Ida (Fortunato) Totani celebrated her 100th birthday last Saturday.
She was born Feb. 20, 1910 in Fontanelle, Italy, to Sofia and Nicola Fortunato.
At the age of 2, six months after the tragic sinking of the Titanic, Ida along with her parents and two sisters, ages 5 and 10 months, boarded an ocean liner bound for America.
They arrived at Penn's Landing, Philadelphia, in October of 1912, where a sponsor led her family via train and trolley, to the small anthracite mining towns of Jim Thorpe (Mauch Chunk) and Lansford in Carbon County.
The family settled in Lansford, where the main source of employment was coal mining.
The family grew to include 10 siblings, seven survived to adulthood. Today, Ida, along with sisters, Jeanette Sandella, 94, and Mary Misantone, 92, are the last of the Fortunato matriarchs.
Before entering elementary school, Ida would sit at home with her older sister Rosanna to learn the English language and other primary subjects. Rosanna was such a huge influence on her, that Ida was able to complete first and second grades in one year.
She graduated with honors from St. Ann High School in 1927. She would have liked to go to college to become a teacher, but her family had a son who they thought needed the financial support more than a daughter. Instead she worked at a small Woolworth 5 and 10 Cent Store for $7 a week.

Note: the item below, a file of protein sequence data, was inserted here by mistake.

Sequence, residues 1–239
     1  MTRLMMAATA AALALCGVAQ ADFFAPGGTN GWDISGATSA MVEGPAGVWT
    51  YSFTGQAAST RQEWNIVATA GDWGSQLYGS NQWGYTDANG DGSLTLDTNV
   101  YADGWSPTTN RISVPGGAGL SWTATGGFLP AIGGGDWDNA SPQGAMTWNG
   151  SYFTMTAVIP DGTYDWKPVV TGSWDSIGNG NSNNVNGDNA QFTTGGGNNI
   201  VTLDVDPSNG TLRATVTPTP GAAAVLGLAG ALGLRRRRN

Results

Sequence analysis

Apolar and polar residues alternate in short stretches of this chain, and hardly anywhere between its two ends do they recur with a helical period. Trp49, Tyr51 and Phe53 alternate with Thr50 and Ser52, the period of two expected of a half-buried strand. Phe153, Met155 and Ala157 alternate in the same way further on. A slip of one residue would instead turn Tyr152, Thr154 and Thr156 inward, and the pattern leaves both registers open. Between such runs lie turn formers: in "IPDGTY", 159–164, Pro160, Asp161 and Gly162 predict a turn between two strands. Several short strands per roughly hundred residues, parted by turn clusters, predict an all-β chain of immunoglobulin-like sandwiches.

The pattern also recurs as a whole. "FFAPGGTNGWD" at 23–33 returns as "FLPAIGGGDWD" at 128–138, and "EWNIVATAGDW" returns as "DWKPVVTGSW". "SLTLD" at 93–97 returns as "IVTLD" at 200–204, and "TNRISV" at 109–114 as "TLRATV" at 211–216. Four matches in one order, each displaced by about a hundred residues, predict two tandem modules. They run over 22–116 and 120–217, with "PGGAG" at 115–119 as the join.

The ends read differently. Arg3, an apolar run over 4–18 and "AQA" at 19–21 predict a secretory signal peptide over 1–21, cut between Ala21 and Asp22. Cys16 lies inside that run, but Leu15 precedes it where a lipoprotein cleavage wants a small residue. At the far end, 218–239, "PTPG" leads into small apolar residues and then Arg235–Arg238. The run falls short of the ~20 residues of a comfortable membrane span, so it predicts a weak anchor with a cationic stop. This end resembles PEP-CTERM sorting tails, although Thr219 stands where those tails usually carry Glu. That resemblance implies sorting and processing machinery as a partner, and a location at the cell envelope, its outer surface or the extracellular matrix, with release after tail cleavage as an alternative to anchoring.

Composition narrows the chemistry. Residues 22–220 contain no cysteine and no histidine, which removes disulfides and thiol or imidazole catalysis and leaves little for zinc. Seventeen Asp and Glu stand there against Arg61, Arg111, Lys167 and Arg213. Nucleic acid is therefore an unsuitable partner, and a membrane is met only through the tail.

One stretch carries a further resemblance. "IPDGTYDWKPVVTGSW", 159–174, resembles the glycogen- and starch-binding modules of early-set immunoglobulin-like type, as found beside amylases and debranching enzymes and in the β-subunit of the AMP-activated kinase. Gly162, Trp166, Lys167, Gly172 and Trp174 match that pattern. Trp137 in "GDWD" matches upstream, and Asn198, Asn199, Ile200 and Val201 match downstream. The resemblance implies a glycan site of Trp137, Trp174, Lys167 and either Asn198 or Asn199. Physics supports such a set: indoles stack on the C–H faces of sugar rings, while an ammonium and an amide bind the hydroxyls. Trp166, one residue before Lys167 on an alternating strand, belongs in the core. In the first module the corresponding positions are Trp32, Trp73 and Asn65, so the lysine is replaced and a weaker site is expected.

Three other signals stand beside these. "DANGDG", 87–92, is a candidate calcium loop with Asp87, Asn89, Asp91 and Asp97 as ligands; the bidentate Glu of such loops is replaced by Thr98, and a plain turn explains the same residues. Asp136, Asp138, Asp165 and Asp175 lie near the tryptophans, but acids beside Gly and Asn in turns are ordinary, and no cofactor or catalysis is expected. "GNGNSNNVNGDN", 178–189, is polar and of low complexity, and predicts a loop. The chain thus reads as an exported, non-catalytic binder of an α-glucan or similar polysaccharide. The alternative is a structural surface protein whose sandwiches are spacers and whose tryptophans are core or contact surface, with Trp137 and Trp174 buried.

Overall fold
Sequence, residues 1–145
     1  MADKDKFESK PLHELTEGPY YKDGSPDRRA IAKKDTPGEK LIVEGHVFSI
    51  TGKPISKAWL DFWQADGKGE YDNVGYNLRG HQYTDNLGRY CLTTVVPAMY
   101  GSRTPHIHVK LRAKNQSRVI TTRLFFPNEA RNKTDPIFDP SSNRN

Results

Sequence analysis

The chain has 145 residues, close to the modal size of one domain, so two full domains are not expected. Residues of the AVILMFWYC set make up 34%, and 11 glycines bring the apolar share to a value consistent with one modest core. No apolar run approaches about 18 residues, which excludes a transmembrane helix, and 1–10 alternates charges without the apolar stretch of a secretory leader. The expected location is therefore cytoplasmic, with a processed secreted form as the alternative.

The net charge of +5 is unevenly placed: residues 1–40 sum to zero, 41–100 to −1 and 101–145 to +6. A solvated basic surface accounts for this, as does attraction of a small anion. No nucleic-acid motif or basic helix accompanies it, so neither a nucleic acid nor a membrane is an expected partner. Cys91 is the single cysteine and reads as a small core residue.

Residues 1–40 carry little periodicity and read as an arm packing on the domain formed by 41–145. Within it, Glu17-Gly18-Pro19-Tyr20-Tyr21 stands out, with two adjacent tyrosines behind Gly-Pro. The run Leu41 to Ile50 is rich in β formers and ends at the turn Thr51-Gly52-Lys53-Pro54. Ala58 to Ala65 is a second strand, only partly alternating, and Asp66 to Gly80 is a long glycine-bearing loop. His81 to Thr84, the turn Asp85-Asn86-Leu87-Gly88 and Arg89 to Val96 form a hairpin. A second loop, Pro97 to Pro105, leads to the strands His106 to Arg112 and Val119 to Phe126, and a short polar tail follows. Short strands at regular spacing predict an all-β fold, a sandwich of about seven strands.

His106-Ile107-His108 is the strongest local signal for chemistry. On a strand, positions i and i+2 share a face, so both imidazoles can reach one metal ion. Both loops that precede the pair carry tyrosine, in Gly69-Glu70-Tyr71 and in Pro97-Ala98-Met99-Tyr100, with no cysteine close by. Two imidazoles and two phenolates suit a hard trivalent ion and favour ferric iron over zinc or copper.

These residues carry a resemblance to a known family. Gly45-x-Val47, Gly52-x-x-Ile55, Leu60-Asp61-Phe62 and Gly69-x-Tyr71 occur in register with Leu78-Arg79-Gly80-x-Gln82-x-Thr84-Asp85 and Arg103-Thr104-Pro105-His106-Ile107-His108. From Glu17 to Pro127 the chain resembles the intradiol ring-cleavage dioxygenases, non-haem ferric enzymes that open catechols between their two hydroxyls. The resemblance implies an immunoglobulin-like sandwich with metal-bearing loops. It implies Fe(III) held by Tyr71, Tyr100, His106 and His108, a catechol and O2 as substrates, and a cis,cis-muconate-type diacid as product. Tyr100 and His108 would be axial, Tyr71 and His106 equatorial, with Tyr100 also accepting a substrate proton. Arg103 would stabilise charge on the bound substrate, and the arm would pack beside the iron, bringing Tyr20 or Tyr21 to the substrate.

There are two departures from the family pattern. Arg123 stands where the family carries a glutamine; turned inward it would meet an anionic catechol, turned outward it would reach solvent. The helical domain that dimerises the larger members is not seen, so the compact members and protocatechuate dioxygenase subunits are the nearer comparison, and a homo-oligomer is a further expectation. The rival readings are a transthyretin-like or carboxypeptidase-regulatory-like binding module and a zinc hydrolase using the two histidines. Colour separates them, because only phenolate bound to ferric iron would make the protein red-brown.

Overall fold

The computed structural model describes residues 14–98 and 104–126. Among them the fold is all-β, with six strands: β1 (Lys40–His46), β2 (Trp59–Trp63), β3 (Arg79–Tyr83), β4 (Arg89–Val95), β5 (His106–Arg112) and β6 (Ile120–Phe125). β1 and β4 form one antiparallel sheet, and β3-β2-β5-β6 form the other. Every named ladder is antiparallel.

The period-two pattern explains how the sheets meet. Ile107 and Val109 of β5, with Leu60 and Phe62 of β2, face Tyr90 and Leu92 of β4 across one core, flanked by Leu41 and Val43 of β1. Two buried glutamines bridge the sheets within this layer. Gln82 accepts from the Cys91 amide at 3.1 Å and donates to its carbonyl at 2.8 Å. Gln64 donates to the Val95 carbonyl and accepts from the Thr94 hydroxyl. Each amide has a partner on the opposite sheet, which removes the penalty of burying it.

At the age of 18, Ida married Dominic Totani, who immigrated to the United States when he was a young boy of 16. Together they raised seven children.
Initially, Ida was an ordinary housewife and mother. In the 1940s she helped manage a small kitchen restaurant at the Greenwood Inn in Seek. In 1947, Ida and her husband opened their own restaurant, hotel, and catering business in Lansford, Hotel Aquila, (named after the city in Italy where her husband was born and where the recent Italian earthquake occurred).
It came to be a family business, instilling a very strong work ethic in all her children. Locally, she was especially popular for introducing homemade pizza into the Panther Valley area and cooking for wedding parties of up to 250 people.
All seven of her children have gone on to be successful in their individual fields, from medicine to mechanics, textiles to teaching.
Today, Ida's family includes all seven of her children: Dr. Louis Totani and his wife Janet; Rose Ann Bales and her husband, Louis; John Totani, husband of the late Norma; Inez Larichuita and her husband Albert; Nicholas Totani and his wife Nancy; Sofia Mathews and her husband George; and Mary Elizabeth Totani.
She also has 23 grandchildren, 38 great-grandchildren, and four great-great-grandchildren.
Ida says the secrets to her longevity are family, reading, knitting, canning tomatoes, cooking with olive oil and fresh ingredients, keeping current with the news and making pizelles. She tries to do a little gardening and lately, the family says they have had to hide the large tools, such as the step ladder and wheelbarrow.
Ida says her body says she is 100, but her spirit disagrees and says 18!